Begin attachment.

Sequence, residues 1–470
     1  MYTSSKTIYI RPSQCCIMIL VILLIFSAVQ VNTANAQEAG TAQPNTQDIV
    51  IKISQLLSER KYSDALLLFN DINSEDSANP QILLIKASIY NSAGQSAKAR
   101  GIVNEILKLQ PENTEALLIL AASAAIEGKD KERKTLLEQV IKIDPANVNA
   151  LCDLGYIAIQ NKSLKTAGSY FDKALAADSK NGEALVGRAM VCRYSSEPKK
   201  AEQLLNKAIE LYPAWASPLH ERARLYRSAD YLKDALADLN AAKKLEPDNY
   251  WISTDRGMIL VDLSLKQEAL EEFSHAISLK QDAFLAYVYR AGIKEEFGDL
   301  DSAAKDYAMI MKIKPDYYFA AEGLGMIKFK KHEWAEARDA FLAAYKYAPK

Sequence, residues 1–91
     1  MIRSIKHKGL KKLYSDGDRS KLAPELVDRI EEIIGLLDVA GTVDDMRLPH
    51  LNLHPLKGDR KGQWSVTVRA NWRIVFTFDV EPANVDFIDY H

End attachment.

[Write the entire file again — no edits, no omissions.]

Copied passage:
Sequence, residues 1–470
     1  MYTSSKTIYI RPSQCCIMIL VILLIFSAVQ VNTANAQEAG TAQPNTQDIV
    51  IKISQLLSER KYSDALLLFN DINSEDSANP QILLIKASIY NSAGQSAKAR
   101  GIVNEILKLQ PENTEALLIL AASAAIEGKD KERKTLLEQV IKIDPANVNA
   151  LCDLGYIAIQ NKSLKTAGSY FDKALAADSK NGEALVGRAM VCRYSSEPKK
   201  AEQLLNKAIE LYPAWASPLH ERARLYRSAD YLKDALADLN AAKKLEPDNY
   251  WISTDRGMIL VDLSLKQEAL EEFSHAISLK QDAFLAYVYR AGIKEEFGDL
   301  DSAAKDYAMI MKIKPDYYFA AEGLGMIKFK KHEWAEARDA FLAAYKYAPK

Sequence, residues 1–91
     1  MIRSIKHKGL KKLYSDGDRS KLAPELVDRI EEIIGLLDVA GTVDDMRLPH
    51  LNLHPLKGDR KGQWSVTVRA NWRIVFTFDV EPANVDFIDY H